There is a wind of change blowing through Sápmi, culminating in the first ever Sápmi Pride festival in Kiruna this weekend. Gathering hundreds of people in a colourful parade along the city streets, manifesting the right to be Sámi and queer. But getting to this day has been a four-year-long walk.
Long, feathery, fake eyelashes, glittery makeup, the Sámi flag with a rainbow back-drop high in the sky. About 300 people walked in the first-ever Sápmi Pride parade through the streets of Kiruna in Swedish Lapland, many dressed in a traditional ’kolt’ or a Sámi frock. The joy was unmistakable, as well as the fighting spirit.
One begins, another ends
It all began about four years ago when Elfrida Bergman and Sara Lindquist initiated the project Queering Sápmi, queer Sámi people sharing stories about their life experiences. These stories where gathered in a book, accompanied with Sara Lundquist’s expressive photos (if you ever get a change to read it, do so. In fact, it will soon be released in English and you can order it here) as well as an exhibit that has been touring Sápmi and Sweden the last couple of years.
The goal of Queering Sápmi was to raise awareness, to shed light on the complexity of being a norm-breaking Sámi and improve the conditions for a life in Sápmi regardless of identity, gender expression and sexuality. The project also focused on securing a long-term queer Sámi representation and during the Pride festival, the first ever queer Sámi association was formed.
– Queer Sámit will make sure that Sápmi Pride becomes a reoccurring event, to raise awareness for LGBT *Sámi issues, encourage research and create safe meeting places, says Elfrida Bergman, project manager of Queering Sápmi.
There’s a space where you can be both Sámi and queer, where you don’t need to explain the queer – or the Sámi part about yourself.
– The Queering Sápmi project comes to an end soon, by the end of this year, how does that feel? I ask.
– These recent days I’ve felt a bit melancholy, that I will not be the one who gets to carry the queer Sámi flag, the organisation will. But we have worked our butts off for the last four years, Sara and I. We were the first ones to kick the stones to make them roll. Others have also contributed to the current development, all of the people who shared their stories foremost, but it feels like we pushed for this change to happen.
– The queer Sámi issues were completely non-existent, invisible. There were no issues, these people hardly existed! But now there’s a Sámi Pride festival and we just hade a Pride parade. It feels really powerful but a bit sad to let it go, Elfrida admits.
– But it is the right way to go; we are not Sámi so there is no reason for me to speak on their behalf. I’ll, of course, keep an eye on their progress, I’ve made so many friends during the years, but this is not my fight – it’s theirs. And now they have to keep the torch lit.
Times are a-changing
– I recently read an article claiming Kiruna as the new gay mecca…
– Yeah, that might have been a bit of an exaggeration… Elfrida giggles.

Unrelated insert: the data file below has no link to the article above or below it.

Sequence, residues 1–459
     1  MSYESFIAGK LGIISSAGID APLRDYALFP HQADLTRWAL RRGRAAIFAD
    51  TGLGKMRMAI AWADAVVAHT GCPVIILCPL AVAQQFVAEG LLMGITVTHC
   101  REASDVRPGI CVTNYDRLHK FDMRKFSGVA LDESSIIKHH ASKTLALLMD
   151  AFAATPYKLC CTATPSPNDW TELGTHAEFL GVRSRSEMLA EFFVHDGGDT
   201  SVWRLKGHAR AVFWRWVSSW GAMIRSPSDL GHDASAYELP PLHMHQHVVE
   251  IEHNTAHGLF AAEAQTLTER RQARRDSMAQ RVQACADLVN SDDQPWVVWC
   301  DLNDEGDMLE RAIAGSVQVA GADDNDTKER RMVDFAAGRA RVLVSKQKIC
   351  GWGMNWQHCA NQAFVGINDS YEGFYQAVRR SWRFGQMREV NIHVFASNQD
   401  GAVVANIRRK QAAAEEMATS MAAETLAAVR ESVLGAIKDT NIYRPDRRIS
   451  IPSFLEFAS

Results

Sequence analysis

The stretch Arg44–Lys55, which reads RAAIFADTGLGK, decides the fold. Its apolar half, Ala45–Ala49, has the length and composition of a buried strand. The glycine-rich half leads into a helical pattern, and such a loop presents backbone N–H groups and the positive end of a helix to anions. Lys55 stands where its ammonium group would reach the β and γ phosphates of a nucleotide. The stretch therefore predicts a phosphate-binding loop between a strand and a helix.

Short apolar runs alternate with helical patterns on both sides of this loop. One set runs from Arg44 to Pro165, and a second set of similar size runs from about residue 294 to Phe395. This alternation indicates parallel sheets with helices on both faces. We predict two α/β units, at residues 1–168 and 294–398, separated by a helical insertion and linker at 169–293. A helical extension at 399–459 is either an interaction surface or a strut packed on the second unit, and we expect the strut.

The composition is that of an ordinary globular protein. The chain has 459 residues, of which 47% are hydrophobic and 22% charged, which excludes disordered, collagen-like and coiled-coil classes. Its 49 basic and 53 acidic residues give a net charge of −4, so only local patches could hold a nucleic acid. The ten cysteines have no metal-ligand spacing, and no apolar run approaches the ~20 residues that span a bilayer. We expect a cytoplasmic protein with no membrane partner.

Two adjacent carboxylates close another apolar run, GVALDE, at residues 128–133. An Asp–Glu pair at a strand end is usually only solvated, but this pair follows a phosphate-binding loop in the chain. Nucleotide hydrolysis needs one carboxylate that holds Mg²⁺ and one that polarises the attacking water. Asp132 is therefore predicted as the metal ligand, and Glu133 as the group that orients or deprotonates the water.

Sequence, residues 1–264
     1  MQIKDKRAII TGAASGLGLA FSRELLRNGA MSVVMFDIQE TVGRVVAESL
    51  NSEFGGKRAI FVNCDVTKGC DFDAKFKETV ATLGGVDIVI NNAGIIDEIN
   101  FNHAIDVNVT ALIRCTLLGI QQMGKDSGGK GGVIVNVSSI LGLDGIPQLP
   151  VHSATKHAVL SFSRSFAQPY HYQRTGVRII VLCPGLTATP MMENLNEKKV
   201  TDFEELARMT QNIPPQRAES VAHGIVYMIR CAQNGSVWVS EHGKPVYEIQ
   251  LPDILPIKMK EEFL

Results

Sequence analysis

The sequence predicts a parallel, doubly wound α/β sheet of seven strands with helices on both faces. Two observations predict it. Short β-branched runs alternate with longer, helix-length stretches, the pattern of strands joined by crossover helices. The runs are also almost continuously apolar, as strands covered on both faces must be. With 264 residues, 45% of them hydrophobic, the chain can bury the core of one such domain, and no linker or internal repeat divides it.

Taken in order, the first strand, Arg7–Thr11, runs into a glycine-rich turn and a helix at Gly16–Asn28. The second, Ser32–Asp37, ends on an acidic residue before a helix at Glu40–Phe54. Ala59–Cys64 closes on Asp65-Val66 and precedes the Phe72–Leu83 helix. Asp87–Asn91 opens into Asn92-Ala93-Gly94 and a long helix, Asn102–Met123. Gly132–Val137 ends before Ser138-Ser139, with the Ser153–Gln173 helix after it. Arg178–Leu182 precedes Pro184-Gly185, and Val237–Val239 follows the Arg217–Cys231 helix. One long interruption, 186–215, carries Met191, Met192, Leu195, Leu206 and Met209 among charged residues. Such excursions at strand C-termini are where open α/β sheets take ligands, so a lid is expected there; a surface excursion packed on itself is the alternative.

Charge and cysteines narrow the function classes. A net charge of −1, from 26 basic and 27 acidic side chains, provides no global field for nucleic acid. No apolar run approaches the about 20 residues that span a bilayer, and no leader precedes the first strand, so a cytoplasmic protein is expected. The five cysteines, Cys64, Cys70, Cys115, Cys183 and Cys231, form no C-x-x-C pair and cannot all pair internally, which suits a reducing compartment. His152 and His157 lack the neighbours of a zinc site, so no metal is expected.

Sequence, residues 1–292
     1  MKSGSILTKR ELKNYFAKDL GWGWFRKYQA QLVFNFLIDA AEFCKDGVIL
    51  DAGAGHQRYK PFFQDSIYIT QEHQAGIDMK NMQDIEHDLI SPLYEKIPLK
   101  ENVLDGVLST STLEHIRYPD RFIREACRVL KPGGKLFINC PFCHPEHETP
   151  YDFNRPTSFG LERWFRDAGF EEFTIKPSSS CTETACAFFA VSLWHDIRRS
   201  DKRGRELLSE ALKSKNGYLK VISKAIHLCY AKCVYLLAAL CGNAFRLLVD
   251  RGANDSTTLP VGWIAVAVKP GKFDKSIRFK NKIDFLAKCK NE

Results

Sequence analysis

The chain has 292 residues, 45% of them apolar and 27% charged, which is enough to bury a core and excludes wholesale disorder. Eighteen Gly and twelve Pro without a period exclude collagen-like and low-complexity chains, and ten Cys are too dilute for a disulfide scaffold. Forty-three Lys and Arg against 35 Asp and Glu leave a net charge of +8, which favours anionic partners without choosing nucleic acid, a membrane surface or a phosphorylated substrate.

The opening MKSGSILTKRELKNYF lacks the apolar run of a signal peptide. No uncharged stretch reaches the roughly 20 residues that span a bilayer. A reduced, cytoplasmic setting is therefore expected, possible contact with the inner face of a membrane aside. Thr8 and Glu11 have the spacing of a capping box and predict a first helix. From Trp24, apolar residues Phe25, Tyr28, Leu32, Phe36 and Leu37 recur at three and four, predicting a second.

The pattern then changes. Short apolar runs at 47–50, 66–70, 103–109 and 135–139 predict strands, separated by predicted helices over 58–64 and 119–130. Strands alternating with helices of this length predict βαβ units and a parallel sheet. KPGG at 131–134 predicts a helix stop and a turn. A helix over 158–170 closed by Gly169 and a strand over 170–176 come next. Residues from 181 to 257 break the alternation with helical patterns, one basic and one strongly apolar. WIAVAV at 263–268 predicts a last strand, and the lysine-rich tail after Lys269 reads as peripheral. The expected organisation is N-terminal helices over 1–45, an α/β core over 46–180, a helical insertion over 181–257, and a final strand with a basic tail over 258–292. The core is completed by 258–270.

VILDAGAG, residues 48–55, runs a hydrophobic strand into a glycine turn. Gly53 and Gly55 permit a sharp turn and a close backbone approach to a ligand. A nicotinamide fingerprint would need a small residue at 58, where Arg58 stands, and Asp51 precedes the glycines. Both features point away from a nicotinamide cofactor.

– But there’s a lot going on – with Kiruna’s hockey team getting LGBT certified, we got a representative from the Swedish Feminist Party in municipal government – is a small mining town 200 km above the Arctic Circle… I mean, it’s all a part of the today’s social movements, I think out loud.
– I believe a lot of people just had enough the last couple of years. The fight against the mining companies, Queering Sápmi, the feminism movement – there’s a lot of booming resistance. The anti-racism movement as well, Elfrida says and continues:
– Sure, Sweden has come a long way with LGBT issues but there’s still a lot of work to do, especially on open streets, within families. Being queer is still associated with alienation and even danger. In Sápmi, we have gone from nothing to everything, only because there is an urgency, all these people who have shared their stories have been waiting for someone to ask, to be interested, to take it seriously.
– We could never have been able to arrange a Pride festival without all the volunteers, everyone assured that this is important, Elfrida says with emphasis.
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A safe haven
– How is this day significant? I ask.
– Oh, that’s a tough one to answer, Elfrida says. Queering Sápmi, with all the stories, shed some light on these issues but I think that the Pride phenomena is something most people have heard about – even a homophobe knows what a Pride festival is. Not everyone got the Queering Sápmi project.
– This you can’t misconstrue, it’s about claiming public space, not making any excuses for who you are. I think this is a huge deal. Being here, making friends and meeting others like-minded. In the beginning of Queering Sápmi, those we talked to, didn’t even know another queer Sámi person. But now, you have a whole community backing you!
– And all of those who aren’t here, those who’re still closeted or just haven’t reached out yet – they now know who to talk to. There’s a space where you can be both Sámi and queer, where you don’t need to explain the queer – or the Sámi part about yourself. I think that is the biggest thing of all, Elfrida concludes.
*LGBT= Lesbian, gay, bisexual and transgender.